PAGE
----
The last training walk

27 September 2019

With just over a week to go to the big day there was time to fit in one more, fairly short training walk before the Clarendon Marathon. At this late stage we didn’t want to tax our legs too much or risk any last minute injuries so we decided on a gentle, and most importantly, fairly flat, eight mile route to Lakeside and back.

The weather wasn’t the best, lots of dark clouds threatening rain and a rather strong, gusty wind. With so much rain over the last week there was standing water everywhere. As I walked across Riverside Park to meet Kim I wondered at the wisdom of the off road route I’d chosen. Mud might become a real issue, especially through Monks Brook.

Kim was waiting at Woodmill for me and we set off along Wessex Lane discussing the possibility of mud ahead. When I suggested taking the road route to Lakeside to avoid the mud Kim said we could meet with plenty of mud on the Clarendon route, especially if t kept on raining, so we might as well get used to it.

As it happened, the greenway and Monks Brook Meadows weren’t nearly as muddy as I’d expected. There was a little mud along the greenway but it was easily skirted and the meadows were pretty firm underfoot. We found the worst of the mud in the underpass between the meadows and the last stretch of footpath. It was thick, gloopy and very slippery but we picked our way across.

Sadly the weather didn’t get any brighter, although, apart from a few drizzly showers, it didn’t really rain. We made use of the Lakeside loos, circumnavigated the muddy trail around the main lake and were soon on our return journey.

We’d been chatting away all morning and, as we reached the horribly muddy underpass, I realised I’d hardly taken any photos. Despite the mud, I stopped in the tunnel and documented just how muddy it was. It looked as if the soil had been washed from the meadows during the recent heavy rain and, with no sun to dry it out, had stayed there.

It was drizzling and the wind was gusting so we skirted the outside of the meadow where a narrow, slightly overgrown, trail runs between the trees lining the road and the shrubs of the meadow. In spring this trail is a mass of blackthorn flowers. Now it was a mass of sloes.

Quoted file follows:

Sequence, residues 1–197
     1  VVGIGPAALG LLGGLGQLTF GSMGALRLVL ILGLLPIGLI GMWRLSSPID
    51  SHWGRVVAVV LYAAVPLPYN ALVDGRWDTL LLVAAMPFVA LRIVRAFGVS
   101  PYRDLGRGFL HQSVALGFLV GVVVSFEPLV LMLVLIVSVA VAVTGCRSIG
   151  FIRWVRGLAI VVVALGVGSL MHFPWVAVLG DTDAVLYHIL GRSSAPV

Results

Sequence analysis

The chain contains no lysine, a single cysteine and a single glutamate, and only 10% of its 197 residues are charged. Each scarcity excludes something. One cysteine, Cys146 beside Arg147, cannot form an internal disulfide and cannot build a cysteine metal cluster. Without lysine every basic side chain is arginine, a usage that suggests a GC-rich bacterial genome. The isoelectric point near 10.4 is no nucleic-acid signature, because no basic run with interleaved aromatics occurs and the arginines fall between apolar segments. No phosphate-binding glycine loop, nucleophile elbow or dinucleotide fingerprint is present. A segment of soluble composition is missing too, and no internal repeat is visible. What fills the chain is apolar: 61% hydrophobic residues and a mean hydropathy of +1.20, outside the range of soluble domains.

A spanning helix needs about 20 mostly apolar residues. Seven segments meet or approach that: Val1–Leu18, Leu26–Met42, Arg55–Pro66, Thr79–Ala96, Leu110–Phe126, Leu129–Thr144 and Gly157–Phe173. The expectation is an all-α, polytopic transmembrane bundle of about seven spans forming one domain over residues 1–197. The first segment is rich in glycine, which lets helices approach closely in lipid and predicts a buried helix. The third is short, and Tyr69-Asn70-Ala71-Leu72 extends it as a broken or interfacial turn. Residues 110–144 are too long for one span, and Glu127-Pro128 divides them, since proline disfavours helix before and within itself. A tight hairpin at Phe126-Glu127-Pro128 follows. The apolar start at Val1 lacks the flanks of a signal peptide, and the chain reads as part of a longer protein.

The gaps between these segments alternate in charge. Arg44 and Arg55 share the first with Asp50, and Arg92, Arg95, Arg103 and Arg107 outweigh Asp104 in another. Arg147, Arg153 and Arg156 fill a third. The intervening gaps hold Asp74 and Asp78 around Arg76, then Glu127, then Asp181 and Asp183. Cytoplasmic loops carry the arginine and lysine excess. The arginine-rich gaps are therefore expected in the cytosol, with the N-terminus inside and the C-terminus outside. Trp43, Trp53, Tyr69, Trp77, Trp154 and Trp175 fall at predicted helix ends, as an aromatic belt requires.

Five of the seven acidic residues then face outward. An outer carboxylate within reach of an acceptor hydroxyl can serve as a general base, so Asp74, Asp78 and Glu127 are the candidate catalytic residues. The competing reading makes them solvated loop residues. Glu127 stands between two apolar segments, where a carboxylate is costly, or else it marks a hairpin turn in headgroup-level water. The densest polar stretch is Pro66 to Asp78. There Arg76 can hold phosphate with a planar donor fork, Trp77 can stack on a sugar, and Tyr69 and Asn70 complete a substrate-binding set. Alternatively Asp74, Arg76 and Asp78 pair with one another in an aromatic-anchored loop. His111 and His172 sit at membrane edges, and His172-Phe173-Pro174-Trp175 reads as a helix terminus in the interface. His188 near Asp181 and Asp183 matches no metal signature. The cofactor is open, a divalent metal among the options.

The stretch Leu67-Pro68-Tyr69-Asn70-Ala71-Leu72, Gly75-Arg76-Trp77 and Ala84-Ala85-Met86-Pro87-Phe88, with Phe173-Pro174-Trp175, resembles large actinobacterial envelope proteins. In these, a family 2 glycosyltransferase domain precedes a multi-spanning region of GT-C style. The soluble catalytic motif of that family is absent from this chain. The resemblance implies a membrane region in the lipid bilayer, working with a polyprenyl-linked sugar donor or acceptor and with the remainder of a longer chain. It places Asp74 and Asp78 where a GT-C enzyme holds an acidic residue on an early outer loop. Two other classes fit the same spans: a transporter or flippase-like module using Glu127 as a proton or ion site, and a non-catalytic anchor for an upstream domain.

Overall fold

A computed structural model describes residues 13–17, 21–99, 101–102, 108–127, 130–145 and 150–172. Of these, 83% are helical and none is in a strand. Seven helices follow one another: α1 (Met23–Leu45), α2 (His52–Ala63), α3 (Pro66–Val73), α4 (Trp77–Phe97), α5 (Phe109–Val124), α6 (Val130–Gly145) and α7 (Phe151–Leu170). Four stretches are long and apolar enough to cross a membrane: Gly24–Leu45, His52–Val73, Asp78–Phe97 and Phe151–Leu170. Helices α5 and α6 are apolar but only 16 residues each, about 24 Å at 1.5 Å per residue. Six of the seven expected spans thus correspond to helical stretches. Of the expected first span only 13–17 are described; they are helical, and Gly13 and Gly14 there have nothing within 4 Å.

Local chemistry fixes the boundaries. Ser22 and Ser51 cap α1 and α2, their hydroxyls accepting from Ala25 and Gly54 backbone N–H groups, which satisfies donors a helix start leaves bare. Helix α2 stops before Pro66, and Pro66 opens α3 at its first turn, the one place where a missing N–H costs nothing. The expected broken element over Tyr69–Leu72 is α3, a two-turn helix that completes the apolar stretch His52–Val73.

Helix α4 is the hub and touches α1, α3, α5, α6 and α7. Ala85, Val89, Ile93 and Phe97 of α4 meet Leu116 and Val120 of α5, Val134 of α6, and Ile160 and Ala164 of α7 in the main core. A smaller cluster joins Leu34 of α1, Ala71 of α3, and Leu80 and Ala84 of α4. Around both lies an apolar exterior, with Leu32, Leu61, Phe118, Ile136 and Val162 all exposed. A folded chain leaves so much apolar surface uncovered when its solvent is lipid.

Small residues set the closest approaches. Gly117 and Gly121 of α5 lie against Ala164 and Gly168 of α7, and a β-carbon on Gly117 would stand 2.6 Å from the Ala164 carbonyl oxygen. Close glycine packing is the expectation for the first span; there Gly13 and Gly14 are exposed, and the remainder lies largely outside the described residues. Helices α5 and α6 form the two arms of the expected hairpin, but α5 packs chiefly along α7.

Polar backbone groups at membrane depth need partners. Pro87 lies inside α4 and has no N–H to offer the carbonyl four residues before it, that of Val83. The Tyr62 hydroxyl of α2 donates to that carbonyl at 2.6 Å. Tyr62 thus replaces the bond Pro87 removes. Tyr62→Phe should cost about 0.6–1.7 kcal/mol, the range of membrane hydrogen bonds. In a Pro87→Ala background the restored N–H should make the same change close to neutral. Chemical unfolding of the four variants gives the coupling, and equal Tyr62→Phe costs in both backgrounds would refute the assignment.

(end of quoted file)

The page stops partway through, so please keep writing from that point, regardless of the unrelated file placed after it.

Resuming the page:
We walked back across the greenway still chatting. It was disappointing to see the Himalayan balsam has really taken hold here. Pretty as the pink flowers are, the plants crowd out the native wild plants and, when they die back in winter, allow the banks to erode.

Pretty soon we were back at the bottom of Wide Lane. We crossed the road and, without really thinking about it, went through the gate and onto the trail. We’d reached the blue bridge before we remembered the almost fallen tree and the likelihood of a very muddy trail right beside the brook. As we didn’t want to be hit on the head by the tree if the strong wind dislodged it or slip in the mud and fall into the brook, we crossed the bridge and continued our journey along Wessex Lane.

We parted company on the corner of Woodmill Lane with some sadness. This would be the last of these weekly walks after all. All alone be now, I walked through the mill towards the park.

The wind buffeted me and showers of leaves fluttered down around me as I followed the winding path along the river. Once I got away from the shelter of the trees I had the wind in my face and had to fight against it. It was energy sapping, every step an effort. Fearful of being blown into the river, I took to the grass.

A man in a long coat was walking a black Labrador. The dog was off the lead and was chasing the swans, dashing up and down the bank barking. The man seemed to find it funny but I’m pretty sure the swans didn’t. I was glad to overtake them both and quite hoped either the dog or the man would end up getting a nasty pecking.

There was a melancholy feel to these last lonely miles. The next walk Kim and I take together will be a long walk into the unknown. Hopefully, we will both be up to the challenge.

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4 thoughts on “The last training walk”

  1. As a dog owner myself I get really angry when other people let their dog behave like this. IT eventually results in dogs being banned from lovely places, once again an example of a few inconsiderate folk ruining things for many.
    The sloes look as if there’s a good crop this year! The mud in the tunnel looks dreadful to walk in – I really don’t like slipping and sliding – or worse still, sinking!
    I’m looking forward to reading your post (or posts) about the Clarendon Marathon Walk.

    1. Luckily dogs chasing the swans is pretty unusual. It did upset me to see it though. Ah e I should have been braver and said something but you never can tell with people like that. The shoes have done very well this year, they must enjoy the sun. The Clarendon post will be coming soon. It didn’t turn out how I expected though.

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